This week’s Heavy Music Headquarters album reviews include releases from Aphrodite, As Everything Unfolds, Avaland, Blue Ox, Bridge Burner, Fuoco Fatuo, Grimmreaper, Helstar, Ischemic, Karma Violens, Lord, Mythic Sunship, Obvurt, Plaguewielder, Sea Of Snakes, Steel Bearing Hand and Unflesh.
The ratings are on a 5 star scale.
Aphrodite – Orgasmic Glory (Fighter)
Aphrodite are a throwback to ’80s speed metal. The Canadian trio’s lineup includes vocalist Tanza Speed (Demona), guitarist/bassist/drummer Jo Steel (Ice War, Spectral Dance) and guitarist Yan Turbo (Colorsfade). Orgasmic Glory is their second album.
The eight tracks fly by in a blaze of galloping riffs and punk style vocals. The songs are uptempo and straightforward, driven by the guitars. Killer riffs and extended solos abound. Tracks like “Meadows Of Asphodel” dial back the pace and increase the groove, adding some variety. The vocals are somewhat incongruous to the music, but they give Aphrodite a distinctive sound.
As Everything Unfolds – Within Each Lies The Other (Long Branch)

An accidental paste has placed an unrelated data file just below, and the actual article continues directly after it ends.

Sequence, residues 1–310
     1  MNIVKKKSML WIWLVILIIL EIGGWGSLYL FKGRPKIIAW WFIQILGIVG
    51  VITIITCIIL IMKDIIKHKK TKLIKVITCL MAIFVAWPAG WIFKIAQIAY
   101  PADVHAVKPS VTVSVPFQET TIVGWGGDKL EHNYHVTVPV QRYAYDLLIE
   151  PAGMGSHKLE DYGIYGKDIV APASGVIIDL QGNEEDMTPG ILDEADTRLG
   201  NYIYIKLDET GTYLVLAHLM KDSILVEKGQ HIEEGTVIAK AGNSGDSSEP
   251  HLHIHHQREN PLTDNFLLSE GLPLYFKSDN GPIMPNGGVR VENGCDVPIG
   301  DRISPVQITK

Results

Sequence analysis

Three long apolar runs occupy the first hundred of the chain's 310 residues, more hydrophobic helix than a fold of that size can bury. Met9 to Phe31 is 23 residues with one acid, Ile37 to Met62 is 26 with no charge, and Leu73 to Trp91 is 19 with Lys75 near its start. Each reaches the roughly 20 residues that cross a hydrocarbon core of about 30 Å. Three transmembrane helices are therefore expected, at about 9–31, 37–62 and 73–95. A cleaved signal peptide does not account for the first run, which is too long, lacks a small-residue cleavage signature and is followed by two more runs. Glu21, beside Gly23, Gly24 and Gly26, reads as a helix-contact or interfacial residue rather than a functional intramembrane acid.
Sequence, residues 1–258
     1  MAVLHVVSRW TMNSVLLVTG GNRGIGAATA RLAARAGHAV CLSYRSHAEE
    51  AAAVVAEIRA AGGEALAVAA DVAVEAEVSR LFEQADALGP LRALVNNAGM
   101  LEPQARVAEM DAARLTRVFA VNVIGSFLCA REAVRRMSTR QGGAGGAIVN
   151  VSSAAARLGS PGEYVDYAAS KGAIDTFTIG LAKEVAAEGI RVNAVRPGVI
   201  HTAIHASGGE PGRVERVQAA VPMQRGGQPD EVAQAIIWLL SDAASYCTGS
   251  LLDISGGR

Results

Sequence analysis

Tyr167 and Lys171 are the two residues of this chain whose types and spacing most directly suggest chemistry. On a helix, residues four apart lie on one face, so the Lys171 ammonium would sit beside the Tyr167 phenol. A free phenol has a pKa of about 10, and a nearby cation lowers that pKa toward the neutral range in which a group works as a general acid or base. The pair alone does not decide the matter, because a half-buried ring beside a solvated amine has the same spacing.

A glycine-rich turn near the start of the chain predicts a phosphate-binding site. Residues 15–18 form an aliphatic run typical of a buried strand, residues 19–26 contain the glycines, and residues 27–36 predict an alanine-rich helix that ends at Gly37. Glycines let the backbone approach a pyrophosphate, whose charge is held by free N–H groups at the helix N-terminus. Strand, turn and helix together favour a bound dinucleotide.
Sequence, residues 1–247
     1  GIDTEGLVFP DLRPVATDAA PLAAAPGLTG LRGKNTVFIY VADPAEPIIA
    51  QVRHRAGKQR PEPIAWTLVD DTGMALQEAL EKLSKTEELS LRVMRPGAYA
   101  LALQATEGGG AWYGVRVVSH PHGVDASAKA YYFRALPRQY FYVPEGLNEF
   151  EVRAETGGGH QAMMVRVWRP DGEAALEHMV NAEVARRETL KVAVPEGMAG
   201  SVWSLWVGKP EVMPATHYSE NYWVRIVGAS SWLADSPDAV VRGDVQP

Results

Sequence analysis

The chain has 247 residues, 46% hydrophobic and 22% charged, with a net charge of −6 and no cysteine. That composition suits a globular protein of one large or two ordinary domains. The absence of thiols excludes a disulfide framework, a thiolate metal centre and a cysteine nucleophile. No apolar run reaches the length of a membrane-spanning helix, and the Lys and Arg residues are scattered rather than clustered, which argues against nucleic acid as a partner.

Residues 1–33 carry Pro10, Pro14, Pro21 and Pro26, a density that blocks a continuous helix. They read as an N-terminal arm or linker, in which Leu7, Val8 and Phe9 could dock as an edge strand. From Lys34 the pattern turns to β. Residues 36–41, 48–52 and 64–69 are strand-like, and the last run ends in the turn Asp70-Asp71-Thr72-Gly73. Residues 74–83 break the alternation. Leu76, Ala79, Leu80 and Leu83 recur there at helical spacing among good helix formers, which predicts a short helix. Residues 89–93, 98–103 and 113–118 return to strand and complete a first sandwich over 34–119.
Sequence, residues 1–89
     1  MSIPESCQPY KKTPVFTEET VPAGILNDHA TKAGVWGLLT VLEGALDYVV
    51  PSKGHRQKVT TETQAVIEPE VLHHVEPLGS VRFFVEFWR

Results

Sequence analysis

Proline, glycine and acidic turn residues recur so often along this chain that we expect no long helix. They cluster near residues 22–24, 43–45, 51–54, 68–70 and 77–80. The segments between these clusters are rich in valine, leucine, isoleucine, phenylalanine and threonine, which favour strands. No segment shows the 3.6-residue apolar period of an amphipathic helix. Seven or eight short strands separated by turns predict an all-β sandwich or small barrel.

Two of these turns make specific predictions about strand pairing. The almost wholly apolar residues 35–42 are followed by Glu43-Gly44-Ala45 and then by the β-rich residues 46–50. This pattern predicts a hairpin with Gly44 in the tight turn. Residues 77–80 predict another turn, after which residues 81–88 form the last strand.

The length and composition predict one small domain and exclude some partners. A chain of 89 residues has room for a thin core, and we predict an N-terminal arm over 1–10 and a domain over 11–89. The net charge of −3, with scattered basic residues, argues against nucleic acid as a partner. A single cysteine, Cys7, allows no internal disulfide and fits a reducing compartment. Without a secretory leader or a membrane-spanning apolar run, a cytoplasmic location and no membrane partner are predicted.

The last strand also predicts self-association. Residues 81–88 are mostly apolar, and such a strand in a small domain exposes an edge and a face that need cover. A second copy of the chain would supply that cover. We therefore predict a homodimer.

As Everything Unfolds are one band that I’ve never had to keep a close eye on as their exponential rise in acclaim has made the post hardcore six-piece nigh impossible to miss. With the hype train set in action, it was only a matter of waiting for the band’s full-length debut, Within Each Lies The Other, to keep the band on steady tracks.
As fun as prognosticating can be, the band’s drip-feed of singles and promo material already built a solid image for the LP’s final vision and the finished article doesn’t disappoint. Within Each Lies The Other hits that golden sweet spot of melodic yet visceral, garnishing a backdrop of cinematic synth chords and guttural guitar chugs to the ever-shifting melodies of vocalist Charlie Rolfe. The band hurls earworm hook after earworm hook, commanding your attention and instilling that crucial replay value. There was never much doubt that Within Each Lies The Other would be as good as it is, but that confirmation is sure to add to the storm by which these rising legends have taken the scene.
Avaland – Theater of Sorcery (Rockshots)